The next day a wasp flew to the top of their hill. It droned a couple aimless circles in the breeze until it took notice of Daisy and set course for her. Daisy turned away to ignore the wasp, but she could hear it move closer and closer.

The wasp almost upon her, close enough that she could feel the buzz beating down on her back, Daisy committed herself not to waver in her stance. Suddenly, she heard a swift rustle of leaves cut though the air behind her. A slight breeze fell upon her back and as she listened she noticed the buzzing was gone.

She turned and looked up at Tree. He was staring out at the passing clouds with what could be called the smile of a tree.

"You don't need to protect me," Daisy said.

"Oh, I know," said Tree. "That one was for me."

The sun began to descend in the sky and the days grew shorter and slowly became cooler.

Tree noticed a difference in Daisy as well. She asked fewer questions and much of their days together were spent in silence. Several times Tree turned to her spot in the grass expecting to see her face looking up at him only to find her staring out at the meadow.

Tree began to ask Daisy more and more questions. He wanted to know what she was thinking about or if she was comfortable with the sun. Was she getting enough water from the hill or did she see that blue jay the other day in his branches? Her answers were brief and Tree felt that his questions weighed upon her in some way he could not understand, but still he continued to ask them until he found himself asking the same question over and over.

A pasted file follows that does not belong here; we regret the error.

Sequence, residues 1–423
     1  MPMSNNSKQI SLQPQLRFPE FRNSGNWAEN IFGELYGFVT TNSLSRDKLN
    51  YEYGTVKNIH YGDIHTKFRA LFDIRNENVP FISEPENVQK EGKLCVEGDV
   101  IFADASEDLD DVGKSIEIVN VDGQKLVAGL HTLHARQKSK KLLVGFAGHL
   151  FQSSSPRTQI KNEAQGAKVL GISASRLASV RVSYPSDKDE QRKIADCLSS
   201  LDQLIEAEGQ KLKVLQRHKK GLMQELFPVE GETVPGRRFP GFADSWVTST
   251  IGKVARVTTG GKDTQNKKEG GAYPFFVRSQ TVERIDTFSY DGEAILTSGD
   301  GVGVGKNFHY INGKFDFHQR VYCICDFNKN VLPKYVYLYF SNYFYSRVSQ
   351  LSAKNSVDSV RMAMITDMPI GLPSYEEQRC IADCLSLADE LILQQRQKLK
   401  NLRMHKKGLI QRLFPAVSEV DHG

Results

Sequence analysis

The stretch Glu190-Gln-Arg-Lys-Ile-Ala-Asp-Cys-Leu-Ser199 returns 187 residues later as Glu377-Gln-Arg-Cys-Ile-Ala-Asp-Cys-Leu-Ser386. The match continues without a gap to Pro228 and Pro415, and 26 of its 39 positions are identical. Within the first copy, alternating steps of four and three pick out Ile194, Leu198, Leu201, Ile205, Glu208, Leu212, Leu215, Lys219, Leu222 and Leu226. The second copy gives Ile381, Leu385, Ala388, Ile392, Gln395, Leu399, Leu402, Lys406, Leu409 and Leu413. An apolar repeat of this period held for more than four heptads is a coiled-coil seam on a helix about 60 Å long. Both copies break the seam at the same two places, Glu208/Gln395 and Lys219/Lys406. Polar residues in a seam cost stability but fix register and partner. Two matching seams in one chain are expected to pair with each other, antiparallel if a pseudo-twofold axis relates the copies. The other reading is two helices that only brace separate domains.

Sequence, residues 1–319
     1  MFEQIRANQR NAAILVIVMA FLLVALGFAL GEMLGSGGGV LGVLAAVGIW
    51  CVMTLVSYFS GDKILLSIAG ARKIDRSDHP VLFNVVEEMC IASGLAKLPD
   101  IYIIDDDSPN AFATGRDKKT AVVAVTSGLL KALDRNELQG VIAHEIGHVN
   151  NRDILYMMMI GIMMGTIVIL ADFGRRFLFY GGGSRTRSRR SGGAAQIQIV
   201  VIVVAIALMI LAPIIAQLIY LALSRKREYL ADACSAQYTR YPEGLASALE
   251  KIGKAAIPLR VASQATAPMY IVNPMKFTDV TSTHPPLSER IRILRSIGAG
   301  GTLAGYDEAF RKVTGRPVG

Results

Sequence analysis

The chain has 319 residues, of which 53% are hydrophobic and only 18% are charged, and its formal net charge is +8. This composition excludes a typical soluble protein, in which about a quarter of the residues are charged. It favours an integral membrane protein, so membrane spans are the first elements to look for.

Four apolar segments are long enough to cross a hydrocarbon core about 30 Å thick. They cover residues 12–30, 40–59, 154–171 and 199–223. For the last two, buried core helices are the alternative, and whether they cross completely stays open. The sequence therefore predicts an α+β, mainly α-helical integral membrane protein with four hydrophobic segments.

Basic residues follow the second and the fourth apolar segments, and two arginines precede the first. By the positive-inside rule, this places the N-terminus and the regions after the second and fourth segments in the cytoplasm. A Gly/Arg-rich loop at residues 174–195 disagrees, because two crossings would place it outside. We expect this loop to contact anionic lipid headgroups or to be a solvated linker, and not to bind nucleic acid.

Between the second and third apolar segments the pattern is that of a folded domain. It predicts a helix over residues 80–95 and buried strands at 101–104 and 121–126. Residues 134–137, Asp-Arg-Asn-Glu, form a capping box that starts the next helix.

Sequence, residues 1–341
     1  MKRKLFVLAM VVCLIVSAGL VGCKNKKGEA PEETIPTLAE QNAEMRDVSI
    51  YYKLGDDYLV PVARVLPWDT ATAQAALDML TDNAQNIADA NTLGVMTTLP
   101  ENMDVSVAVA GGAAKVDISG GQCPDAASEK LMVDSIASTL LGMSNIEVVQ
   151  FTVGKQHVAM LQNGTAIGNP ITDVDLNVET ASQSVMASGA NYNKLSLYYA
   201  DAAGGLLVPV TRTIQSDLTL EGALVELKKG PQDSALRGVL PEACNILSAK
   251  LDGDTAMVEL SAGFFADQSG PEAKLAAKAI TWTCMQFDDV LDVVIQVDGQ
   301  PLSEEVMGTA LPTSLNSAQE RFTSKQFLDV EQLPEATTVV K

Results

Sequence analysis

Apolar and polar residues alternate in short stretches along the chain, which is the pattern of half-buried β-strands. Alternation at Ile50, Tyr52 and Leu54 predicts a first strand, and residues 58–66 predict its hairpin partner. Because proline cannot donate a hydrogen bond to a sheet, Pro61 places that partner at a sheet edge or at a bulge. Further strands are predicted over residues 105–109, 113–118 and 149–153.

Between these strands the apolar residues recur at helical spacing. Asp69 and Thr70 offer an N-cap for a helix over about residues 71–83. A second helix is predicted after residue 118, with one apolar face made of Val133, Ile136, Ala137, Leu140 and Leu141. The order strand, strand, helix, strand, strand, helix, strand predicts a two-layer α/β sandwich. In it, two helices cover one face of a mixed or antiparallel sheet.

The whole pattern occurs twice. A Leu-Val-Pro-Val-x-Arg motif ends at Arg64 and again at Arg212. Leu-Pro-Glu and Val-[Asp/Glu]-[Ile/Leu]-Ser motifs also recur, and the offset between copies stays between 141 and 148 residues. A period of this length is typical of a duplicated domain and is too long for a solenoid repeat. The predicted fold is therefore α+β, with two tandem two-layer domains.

"Is something wrong, Daisy?"


"You are so quiet lately."

"Everything is fine. Stop worrying about me."

But Tree could not. When he tried to part his leaves to give Daisy extra sun she only asked him to close them.

One day when the wind was especially still Daisy called for Tree's attention.

"Why am I not down in the meadow with the other flowers?"

Tree explained to her the story of the clumsy raven, as he had done many times before, and how he had not expected much to come of it. This time, though, Daisy interrupted just as Tree started in on her unexpected strength.

"But you must have known that I did not belong up here."

"I hadn't thought of that," said Tree. "There was no way for me to tell what would come from that tiny seed. Your strength in such a situation surprised me just a much as it has surprised you."